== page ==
Next Step Therapy Blog: ‘Senioritis’ for Parents

Tracy 1Tracy Cowles, CEO and owner of Next Step Therapy, submitted the following article: “Senioritis” for Parents.

I recently wrote a blog about the joys of watching your child become a young man/woman adult, and that I had enjoyed each and every stage without pangs. It was all true, and I meant every word. However, as with everything in this life, things change on a dime, and what was a beautiful, happy thing yesterday is now a stressor today.

Like many of you, I get smacked up alongside of the head occasionally. It happened twice this week. After surviving the final varsity football game, senior night, college tours, and college applications with excitement for my oldest child about to leave the nest, I found myself completely undone at a High School Christmas concert. Seventh grade choir sang (which included my youngest), and then eighth grade sang. All beautiful. But then, the Madrigal singers came on, and the Madrigal men did a hysterical rendition of the Twelve Days of Christmas. I watched my graduating senior sons’ friends act and sing, laughing at their antics, when it suddenly hit me that next year, when I attend this concert, those same boys won’t be there. Geoffrey and Luke will have graduated and gone to different Universities. At best, I might get to keep up with them through their parents on Facebook.

These boys have a place in my heart. Am I their mothers’ best friend? No. Did I foster them? No, I didn’t. But, at every awards ceremony, at every sporting event, at every dance….I looked for them, and cheered them on, and kept track of them, because they were my sons’ “people,” so naturally, they became my people, too.

I don’t exactly know how it happened, but between girls that my son “dated,” and boys that I took to Steelers games, WVU games, camping, shopping, out to eat, or had overnight at my house, these classmates of my son became important to me.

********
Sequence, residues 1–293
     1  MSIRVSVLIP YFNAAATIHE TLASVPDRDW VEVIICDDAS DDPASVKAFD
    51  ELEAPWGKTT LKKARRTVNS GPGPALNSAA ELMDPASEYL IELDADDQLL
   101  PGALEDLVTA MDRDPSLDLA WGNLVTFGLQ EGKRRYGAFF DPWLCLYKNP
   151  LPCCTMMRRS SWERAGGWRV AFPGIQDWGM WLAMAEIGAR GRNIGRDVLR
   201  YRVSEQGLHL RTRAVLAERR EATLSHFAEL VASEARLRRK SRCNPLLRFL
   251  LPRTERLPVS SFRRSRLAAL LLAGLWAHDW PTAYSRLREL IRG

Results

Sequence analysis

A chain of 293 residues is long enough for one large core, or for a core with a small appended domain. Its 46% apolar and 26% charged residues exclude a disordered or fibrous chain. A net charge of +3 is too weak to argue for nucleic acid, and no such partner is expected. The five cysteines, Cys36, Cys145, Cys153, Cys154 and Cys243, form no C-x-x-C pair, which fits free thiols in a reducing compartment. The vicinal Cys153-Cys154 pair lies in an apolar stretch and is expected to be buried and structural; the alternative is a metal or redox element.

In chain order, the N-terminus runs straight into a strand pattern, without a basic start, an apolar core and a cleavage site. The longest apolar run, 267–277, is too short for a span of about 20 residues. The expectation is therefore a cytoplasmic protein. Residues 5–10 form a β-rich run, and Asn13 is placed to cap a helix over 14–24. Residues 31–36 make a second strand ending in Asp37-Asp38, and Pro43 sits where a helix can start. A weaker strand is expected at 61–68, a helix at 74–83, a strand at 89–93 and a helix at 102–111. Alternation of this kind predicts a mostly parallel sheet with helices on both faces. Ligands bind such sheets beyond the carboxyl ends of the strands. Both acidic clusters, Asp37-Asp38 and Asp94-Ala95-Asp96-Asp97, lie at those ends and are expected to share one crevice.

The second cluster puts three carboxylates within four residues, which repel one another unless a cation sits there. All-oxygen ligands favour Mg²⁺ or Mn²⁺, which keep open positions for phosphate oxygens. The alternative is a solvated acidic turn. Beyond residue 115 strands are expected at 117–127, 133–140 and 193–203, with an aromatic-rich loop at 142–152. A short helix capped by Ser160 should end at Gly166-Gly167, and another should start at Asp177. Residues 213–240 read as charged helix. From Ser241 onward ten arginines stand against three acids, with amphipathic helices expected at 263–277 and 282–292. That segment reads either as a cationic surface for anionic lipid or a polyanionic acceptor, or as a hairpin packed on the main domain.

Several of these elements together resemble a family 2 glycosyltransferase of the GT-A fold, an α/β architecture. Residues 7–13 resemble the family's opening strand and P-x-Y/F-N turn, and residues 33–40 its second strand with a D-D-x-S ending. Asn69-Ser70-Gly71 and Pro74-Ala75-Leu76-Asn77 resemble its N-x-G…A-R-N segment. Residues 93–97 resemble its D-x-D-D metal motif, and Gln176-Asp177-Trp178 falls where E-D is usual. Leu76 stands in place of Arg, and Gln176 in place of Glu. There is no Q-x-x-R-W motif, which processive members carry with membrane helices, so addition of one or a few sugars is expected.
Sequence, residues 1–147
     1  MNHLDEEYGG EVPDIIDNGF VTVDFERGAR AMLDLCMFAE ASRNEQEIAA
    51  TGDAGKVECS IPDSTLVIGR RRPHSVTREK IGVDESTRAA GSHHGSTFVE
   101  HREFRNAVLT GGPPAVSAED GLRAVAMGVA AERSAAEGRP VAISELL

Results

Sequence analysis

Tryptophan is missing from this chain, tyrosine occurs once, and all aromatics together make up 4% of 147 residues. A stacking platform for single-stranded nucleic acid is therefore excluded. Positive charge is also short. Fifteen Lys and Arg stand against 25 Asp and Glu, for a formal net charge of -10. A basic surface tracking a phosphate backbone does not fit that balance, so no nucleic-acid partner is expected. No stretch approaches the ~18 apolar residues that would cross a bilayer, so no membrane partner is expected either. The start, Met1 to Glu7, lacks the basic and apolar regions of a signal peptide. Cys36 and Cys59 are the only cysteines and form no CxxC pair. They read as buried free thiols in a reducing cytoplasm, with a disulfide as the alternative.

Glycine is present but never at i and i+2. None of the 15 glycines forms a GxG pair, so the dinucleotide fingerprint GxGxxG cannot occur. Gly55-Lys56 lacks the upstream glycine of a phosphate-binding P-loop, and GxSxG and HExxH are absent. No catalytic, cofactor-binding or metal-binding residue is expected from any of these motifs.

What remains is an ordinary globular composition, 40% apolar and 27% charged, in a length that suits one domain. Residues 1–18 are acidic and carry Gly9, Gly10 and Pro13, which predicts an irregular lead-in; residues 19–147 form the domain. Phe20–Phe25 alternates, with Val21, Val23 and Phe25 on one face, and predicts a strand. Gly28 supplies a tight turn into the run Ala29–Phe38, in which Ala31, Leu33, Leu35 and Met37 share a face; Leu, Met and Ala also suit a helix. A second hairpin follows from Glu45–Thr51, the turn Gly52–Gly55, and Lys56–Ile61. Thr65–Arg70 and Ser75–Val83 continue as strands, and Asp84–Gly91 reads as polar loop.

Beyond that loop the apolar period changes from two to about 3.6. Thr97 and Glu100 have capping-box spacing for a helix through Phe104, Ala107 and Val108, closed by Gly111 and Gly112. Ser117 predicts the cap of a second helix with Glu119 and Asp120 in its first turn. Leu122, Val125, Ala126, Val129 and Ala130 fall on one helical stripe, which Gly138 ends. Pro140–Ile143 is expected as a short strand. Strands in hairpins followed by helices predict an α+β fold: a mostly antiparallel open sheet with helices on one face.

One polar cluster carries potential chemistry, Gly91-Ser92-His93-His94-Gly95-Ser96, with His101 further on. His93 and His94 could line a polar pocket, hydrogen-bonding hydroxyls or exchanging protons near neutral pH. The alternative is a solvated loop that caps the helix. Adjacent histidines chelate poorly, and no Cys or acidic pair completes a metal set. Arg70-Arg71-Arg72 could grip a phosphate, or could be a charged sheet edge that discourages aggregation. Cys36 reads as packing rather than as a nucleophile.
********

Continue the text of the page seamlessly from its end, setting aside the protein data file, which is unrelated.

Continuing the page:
So, I left the choir concert feeling unsettled, and then attended the Franklin Nights football banquet a few days later. When Ty took the microphone and gave a speech to the former coaches and current coaches, while encouraging the underclassmen to carry on traditions, I could have wept over the fact that when I met him 4 or 5 years ago, he had moved into this area and was a duck out of water. Now, he’s a kid that can handle speaking with a microphone in front of 250 people. Another kid that I have cheered on over the years, who, six months from now, most likely won’t be where my son is. He’ll be moving on, living his own life across the state.

I am surprised by the fact that I am totally ok with my son graduating and going to college, but am “not ok” with all of his friends doing the same. But, tonight, I finally figured out why I feel the way that I feel. When Noah graduates and goes to college, he will call or text me almost every day, like he does now. I’ll still be a part of what he is doing. But, his friends…..they are most likely going to be lost to me. Ouch. These kids probably have never even considered that I love them too; that I would ride in on my white horse and help them anytime that they needed it. To them, I’m just Noah’s mom. To me, they are kids that I could easily love as much as my own.

So, Tyler, Kahlil, Dalton, Abbey, Zac, Tanner, Luke and Geoffrey….you don’t know it, but in addition to your parents, I keep track. I see your successes. I am proud of you too. And, right this minute, I am anticipating the loss of you six months from now. I cannot be the only parent who feels this way. I have known some of you since Kindergarten, when you were five or six. I watched you grow up. You came to my house for Halloween parties, birthday parties and overnights. Your parents allowed me to take you places. My kid talked about you like you were the second coming. I took responsibility for you, guarded your life just the same as I did my own kids. I would have saved you in a house fire. I would have protected you from a home invasion.

But now, you are on the same journey as my son. I am proud of each and every one of you – the choices you have made, the young adults that you have turned in to. In some way, I wish that I could keep each of you close to me and my heart.

So, there it is, dear readers. One day a blog about letting your kids move through the stages with joy in your heart, and two weeks later a blog about “Senioritis for Parents” where you mourn the anticipated loss of connection with kids you’ve known for 12 years.

This parenting thing is a long, tough, heart-wrenching deal. I wouldn’t trade it for anything, as parenting is one of the best things that I have ever done. But, sometimes, this parenting thing keeps me up at midnight, trying to put my feelings into words. When I held my first baby in my arms, and felt that protective love well up inside of me, I never dreamed that 17 years later, I would feel that way about 12 of his friends. Who knew?


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